ABC Family canned the pilot for a show called Alice in Arabia after complaints from Muslim advocacy groups, and now the writer of the show pilot, an Army veteran, is speaking out against the “media mob” that got the show pulled mere days after ABC Family ordered the pilot.
Brooke Eikmeier previously served as a cryptologic linguist in Arabic in the U.S. army, and penned a guest column for the Hollywood Reporter in which she pushes back against the insinuations and attacks that she’s a “tone-deaf racist hack intent on furthering an anti-Muslim agenda, callously exposing children to being bullied and beaten on playgrounds.”
On the contrary, she argues, as her intent was to write a show that brought attention to the complex culture she herself grew to appreciate over time. Eikmeier explains she intended to explore issues like foreign workers and what they face on a regular basis, domestic violence, and “the royal family’s tensions with groups like the Muslim Brotherhood.”
She admits she felt uncomfortable with the logline ABC Family used to describe the show, and it was from this description where the backlash began.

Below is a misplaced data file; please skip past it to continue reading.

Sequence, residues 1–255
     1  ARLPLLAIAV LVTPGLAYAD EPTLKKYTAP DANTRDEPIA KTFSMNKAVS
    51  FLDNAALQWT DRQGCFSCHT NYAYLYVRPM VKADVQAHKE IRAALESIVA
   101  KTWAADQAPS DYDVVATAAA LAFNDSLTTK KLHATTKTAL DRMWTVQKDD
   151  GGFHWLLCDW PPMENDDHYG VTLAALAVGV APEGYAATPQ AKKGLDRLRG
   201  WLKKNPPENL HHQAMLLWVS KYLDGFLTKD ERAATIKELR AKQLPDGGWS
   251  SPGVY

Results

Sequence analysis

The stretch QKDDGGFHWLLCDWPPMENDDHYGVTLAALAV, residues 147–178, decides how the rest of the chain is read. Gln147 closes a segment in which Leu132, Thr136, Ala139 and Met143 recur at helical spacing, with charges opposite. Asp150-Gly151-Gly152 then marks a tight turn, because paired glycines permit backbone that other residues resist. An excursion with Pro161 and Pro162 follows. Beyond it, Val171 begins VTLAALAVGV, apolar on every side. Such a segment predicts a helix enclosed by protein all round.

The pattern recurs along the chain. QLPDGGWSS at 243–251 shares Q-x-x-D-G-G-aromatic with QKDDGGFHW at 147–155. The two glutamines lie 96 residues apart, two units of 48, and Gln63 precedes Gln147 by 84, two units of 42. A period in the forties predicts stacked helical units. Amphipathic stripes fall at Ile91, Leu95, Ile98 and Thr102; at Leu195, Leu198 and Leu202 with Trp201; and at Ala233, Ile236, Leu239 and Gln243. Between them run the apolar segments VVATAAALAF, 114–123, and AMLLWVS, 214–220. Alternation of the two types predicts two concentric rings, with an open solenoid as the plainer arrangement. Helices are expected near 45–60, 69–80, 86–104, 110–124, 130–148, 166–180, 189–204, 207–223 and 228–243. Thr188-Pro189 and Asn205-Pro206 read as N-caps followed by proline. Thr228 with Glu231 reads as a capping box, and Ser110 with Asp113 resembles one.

Comments typically made my series a stand-in for all their frustrations with previous Hollywood portrayals of Muslims and Islam and leapt to wild and incorrect conclusions about its intentions and content. The only gossip site that pretended to “report” on the actual script [Buzzfeed] did a hit job with the title for its article written before reading page one, and it ironically destroyed its own credibility by not recognizing a common Arab name and claiming Saudis wear burkas. A mob formed, made up its mind, then rushed to destroy a valuable opportunity for furthering the cause of women worldwide.
You can read the full column here.
[photo via Shutterstock]
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